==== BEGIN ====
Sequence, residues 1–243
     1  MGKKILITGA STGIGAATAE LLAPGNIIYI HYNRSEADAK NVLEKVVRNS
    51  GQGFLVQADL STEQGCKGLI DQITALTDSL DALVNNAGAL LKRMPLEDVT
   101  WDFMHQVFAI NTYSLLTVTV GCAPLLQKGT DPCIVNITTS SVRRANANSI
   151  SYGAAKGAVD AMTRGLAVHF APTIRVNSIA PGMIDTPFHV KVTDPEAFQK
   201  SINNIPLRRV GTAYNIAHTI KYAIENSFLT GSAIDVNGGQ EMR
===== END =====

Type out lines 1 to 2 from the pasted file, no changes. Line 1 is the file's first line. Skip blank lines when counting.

Sequence, residues 1–243
     1  MGKKILITGA STGIGAATAE LLAPGNIIYI HYNRSEADAK NVLEKVVRNS